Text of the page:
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Keywords:

  • actinomycetes;
  • antibiotics;
  • biotechnology;
  • stress response

Abstract

Aims

To investigate the effects of growth conditions related to marine habitat on antibiotic production in sponge-derived Salinispora actinobacteria.

Methods and Results

Media with varying salt concentration were used to investigate the effects of salinity in relation to Salinispora growth and rifamycin production. The chemotypic profiles of the model strain Salinispora arenicola M413 was then assessed using metabolomic fingerprints from high-pressure liquid chromatography with diode array detection (HPLC-DAD) and multivariate data analysis, before extending this approach to two other strains of S. arenicola. Fingerprint data were generated from extracts of S. arenicola broth cultures grown in media of varying salt (NaCl) concentrations. These fingerprints were then compared using multivariate analysis methods such as principal components analysis (PCA) and orthogonal projection to latent structures discriminant analysis (OPLS-DA). From the analysis, a low-sodium growth condition (1% NaCl) was found to delay the onset of growth of the model S. arenicola M413 strain when compared to growth in media with either 3% artificial sea salt or 3% NaCl. However, low-sodium growth conditions also increased cell mass yield and contributed to at least a significant twofold increase in rifamycin yield when compared to growth in 3% artificial sea salt and 3% NaCl.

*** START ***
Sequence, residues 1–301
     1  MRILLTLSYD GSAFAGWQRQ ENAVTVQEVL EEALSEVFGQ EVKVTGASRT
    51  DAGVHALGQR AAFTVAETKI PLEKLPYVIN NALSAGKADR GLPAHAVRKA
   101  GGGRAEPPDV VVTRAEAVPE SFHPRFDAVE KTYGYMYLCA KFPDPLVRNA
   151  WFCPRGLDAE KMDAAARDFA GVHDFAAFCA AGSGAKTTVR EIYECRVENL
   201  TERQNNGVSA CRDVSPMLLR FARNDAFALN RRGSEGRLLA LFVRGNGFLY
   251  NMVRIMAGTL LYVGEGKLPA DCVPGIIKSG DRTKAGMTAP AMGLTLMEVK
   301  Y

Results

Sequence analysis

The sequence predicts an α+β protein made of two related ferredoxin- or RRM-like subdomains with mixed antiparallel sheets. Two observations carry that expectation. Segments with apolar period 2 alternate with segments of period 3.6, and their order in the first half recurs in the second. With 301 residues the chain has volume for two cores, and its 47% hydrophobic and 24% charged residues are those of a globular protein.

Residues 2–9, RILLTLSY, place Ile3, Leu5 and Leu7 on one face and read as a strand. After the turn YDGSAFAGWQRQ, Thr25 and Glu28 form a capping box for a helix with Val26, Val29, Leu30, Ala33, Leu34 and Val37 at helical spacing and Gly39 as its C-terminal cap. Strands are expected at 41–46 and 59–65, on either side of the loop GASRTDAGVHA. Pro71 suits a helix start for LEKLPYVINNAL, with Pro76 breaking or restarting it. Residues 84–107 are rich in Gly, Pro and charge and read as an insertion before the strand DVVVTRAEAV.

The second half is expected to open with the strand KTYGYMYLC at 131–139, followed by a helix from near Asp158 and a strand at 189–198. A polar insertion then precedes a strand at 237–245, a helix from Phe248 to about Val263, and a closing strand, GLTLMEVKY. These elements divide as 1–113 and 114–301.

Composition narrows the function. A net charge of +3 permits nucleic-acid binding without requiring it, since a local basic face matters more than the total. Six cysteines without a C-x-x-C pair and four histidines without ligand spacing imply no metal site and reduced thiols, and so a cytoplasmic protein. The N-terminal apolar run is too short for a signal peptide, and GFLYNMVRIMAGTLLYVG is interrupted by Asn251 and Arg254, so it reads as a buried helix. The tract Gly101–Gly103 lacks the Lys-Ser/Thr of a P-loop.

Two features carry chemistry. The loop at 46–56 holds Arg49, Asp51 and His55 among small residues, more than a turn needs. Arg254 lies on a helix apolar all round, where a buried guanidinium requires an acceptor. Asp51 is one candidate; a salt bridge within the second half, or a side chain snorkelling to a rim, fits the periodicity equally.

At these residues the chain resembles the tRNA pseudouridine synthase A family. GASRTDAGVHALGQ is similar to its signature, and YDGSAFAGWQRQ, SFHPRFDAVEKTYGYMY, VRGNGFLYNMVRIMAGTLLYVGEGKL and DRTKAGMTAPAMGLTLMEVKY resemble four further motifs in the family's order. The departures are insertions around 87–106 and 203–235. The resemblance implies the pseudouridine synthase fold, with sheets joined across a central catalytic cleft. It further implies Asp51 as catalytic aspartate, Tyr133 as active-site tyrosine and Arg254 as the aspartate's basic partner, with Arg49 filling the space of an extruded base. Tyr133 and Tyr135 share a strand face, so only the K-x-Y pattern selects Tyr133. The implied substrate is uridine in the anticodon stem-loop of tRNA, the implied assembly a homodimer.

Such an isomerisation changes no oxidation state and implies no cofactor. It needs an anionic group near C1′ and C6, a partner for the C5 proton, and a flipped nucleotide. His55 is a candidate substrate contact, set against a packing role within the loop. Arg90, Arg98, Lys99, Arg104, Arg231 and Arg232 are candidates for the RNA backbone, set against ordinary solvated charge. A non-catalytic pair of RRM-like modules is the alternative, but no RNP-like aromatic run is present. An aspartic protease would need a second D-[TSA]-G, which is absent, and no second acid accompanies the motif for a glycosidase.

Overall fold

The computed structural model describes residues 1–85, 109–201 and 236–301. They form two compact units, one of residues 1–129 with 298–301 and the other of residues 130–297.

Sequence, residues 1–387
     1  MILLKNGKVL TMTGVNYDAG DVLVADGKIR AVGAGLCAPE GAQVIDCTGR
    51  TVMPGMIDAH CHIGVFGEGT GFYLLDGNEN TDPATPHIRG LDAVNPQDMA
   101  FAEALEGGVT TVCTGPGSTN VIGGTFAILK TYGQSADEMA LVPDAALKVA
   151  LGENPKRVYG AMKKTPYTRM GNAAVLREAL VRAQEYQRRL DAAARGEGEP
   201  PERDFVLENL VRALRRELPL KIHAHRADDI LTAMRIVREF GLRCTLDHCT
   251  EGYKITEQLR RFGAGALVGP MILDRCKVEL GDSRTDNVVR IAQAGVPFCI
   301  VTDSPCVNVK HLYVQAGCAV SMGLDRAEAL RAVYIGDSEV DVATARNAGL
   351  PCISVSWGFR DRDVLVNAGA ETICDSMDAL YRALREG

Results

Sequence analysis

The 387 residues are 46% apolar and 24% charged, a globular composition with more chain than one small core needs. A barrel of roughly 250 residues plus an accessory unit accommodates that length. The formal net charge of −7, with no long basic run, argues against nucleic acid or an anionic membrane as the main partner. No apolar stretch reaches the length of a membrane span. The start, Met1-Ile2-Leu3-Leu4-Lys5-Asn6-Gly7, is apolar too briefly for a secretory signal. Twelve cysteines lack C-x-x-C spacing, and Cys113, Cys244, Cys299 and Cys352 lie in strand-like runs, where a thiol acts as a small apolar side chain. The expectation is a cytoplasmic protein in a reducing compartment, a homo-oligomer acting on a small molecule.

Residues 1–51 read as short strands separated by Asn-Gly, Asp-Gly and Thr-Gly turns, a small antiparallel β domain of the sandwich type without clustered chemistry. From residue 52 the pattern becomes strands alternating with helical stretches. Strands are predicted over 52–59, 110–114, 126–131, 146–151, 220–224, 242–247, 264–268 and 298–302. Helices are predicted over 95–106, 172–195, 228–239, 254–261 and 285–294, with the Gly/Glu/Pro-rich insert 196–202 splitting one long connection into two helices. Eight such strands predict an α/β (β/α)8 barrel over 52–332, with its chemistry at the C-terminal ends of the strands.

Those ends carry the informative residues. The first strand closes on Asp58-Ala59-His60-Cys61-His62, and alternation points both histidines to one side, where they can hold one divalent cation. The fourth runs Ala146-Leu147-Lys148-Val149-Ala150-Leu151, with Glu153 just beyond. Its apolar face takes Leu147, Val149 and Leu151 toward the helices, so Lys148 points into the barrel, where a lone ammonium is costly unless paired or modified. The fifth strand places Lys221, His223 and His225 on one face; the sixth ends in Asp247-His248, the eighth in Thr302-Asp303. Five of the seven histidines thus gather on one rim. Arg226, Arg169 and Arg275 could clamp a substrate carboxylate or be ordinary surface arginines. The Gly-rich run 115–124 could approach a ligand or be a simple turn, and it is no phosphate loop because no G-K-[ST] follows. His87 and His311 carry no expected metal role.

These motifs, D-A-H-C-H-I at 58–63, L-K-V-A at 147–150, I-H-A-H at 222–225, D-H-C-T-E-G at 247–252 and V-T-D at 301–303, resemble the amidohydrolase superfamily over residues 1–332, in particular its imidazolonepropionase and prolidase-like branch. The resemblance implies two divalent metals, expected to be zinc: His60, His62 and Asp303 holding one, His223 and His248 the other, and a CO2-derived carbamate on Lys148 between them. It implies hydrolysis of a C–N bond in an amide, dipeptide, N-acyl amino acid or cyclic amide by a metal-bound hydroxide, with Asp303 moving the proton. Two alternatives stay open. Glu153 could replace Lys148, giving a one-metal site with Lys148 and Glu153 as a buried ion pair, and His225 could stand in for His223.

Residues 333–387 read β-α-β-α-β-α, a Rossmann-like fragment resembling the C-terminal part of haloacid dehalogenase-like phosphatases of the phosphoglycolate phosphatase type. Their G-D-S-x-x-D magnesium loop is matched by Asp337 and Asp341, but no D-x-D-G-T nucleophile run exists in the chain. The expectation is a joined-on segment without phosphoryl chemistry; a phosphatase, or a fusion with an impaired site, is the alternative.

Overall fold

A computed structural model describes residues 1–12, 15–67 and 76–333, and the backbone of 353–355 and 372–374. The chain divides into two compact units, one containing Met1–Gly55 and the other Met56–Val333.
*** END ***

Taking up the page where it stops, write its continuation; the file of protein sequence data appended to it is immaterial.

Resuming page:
Conclusions

The integration of HPLC-DAD and multivariate analysis proved to be an effective method of assessing chemotypic variations in Salinispora grown in different salt conditions, with clear differences between strain-related chemotypes apparent due to varying salt concentrations.

Significance and Impact of the Study

The observed variation in S. arenicola chemotypic profiles further suggests diversity in secondary metabolites in this actinomycete in response to changes in the salinity of its environment.